The second, and perhaps more interesting, thing that’s struck me is that this is a diary written before the Romantic Era, and it’s actually INCREDIBLE to see that historical difference in play in someone’s actual intellectual experience of the world around him.

I think today, almost anyone who started a diary would be thinking of it primarily as a place for recording inner thoughts and feelings. For Pepys though, it is very much a place to record data and details. There are feelings and observations in it, but my point is that there is NOTHING poetic. There is not even a faint smidgen of an aesthetic consciousness–even though he loves plays and music! He’s not a money-counting robot! But he uses no metaphors whatsoever; he never pauses to muse upon anything in aesthetic terms. He’s not saying the smoke from the fire rose up into the air like a great dragon, he’s not writing down all his dreams, he’s not describing the Thames glinting in the first sunny day of spring, he’s not wondering about what people were like 100 years ago, he’s not IMAGINING anything. It’s all observation and data. He walked to town because there was a hard frost; the next day he had to take a coach because the frost melted. He beat his servant because she did wrong. He said this to the King. He ate this for dinner. At most he’ll be like “a very good dinner.” Even his horrible sexual exploits are narrated in this peculiarly data-driven way. He had his hand up her skirts. He got one kiss and then one more but then she made him leave. He’s not, like, describing her hair or her fine eyes or the way her body makes him feel. He’s not comparing her to a summer’s day.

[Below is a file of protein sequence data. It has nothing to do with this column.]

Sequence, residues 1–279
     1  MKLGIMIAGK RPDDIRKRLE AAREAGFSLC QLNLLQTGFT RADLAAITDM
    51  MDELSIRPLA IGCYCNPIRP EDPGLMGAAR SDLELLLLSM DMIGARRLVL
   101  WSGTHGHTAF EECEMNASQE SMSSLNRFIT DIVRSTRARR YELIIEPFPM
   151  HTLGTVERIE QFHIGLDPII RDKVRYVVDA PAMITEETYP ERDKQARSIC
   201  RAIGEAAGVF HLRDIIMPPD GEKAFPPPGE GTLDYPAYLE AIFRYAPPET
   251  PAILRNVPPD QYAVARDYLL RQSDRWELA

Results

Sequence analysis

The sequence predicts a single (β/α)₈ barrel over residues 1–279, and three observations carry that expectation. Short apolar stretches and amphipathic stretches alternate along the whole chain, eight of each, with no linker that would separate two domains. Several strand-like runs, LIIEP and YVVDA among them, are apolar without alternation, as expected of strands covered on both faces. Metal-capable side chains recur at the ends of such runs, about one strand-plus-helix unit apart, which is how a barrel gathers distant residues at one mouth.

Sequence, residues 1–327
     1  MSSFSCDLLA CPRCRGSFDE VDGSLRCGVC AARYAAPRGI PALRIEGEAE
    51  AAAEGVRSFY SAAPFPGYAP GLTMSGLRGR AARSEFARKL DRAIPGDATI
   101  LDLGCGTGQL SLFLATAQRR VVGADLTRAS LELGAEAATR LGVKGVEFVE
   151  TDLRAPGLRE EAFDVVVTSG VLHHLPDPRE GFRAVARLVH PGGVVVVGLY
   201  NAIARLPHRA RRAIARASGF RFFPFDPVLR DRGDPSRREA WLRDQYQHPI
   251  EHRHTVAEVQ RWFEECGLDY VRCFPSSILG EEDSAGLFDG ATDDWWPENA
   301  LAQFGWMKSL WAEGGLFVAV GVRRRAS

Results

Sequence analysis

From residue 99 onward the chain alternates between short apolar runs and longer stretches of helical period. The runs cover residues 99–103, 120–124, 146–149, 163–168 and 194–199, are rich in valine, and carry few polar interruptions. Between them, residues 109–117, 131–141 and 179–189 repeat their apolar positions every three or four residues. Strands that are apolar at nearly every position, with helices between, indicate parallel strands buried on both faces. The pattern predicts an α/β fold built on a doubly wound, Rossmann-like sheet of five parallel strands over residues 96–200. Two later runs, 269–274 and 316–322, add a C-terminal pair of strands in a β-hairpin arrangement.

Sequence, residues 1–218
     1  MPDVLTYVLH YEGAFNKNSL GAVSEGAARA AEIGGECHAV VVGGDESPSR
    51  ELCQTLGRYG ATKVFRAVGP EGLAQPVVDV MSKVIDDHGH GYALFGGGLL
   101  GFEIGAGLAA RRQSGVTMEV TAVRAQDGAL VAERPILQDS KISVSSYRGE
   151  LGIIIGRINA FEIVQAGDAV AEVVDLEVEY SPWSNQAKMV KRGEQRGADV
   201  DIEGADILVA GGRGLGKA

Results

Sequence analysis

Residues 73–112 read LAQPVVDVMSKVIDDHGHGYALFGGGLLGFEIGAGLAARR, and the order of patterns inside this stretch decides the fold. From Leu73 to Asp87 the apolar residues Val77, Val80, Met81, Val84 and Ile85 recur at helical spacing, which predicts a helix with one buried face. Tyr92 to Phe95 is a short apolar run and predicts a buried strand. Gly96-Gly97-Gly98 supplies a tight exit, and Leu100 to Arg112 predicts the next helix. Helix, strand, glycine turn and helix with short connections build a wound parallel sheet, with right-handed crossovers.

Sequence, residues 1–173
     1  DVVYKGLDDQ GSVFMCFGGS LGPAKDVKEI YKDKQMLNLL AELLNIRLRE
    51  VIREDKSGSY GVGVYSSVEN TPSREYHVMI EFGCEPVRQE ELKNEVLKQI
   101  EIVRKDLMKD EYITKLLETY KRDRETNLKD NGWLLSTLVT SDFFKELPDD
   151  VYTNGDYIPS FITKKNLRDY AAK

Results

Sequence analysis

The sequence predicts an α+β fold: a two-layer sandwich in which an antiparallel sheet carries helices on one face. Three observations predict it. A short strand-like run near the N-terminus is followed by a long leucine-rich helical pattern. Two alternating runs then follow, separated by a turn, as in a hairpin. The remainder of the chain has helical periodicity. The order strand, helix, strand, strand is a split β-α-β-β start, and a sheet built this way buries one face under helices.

Everyone knows that Shakespeare wasn’t universally beloved/revered until the Romantic Era, and I think it’s this sort of thing that made them revive him at that time. Shakespeare’s all bloody eyeballs and poetic metaphors and comparisons and emotional intensity, at a time when I think your average person didn’t really prioritize thinking in that way. I may be wrong as I’m kind of just making this up, but I just find it really striking, Pepys’s lack of all the styles of writing we now associate with a “diary.”

It’s crazy to think about inhabiting a pre-Romantic subjectivity. So much of what we take for granted in our lives was really not common until like 1850. Our love of individuality and personal freedom; our aesthetic sensibility; our conception of “childhood” as a special time needing to be nurtured in a certain way; the way we decide how to value art and artists; it’s really all coming from such a short time ago, relatively speaking. I find that amazing and humbling. Did Samuel Pepys not NOTICE the Thames glinting in the sunlight, or would it just have seemed odd to him to write it down, like, who cares? I would love to know.

I’ve got a million things to do, from the grand (send out book proposal; write article) to the minute (get pants hemmed; buy boxes). I’m plugging away at it all. Up betimes and to the office.

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One Response to Up Betimes And To The Office

  1. Alex says:

    I got really itchy reading this.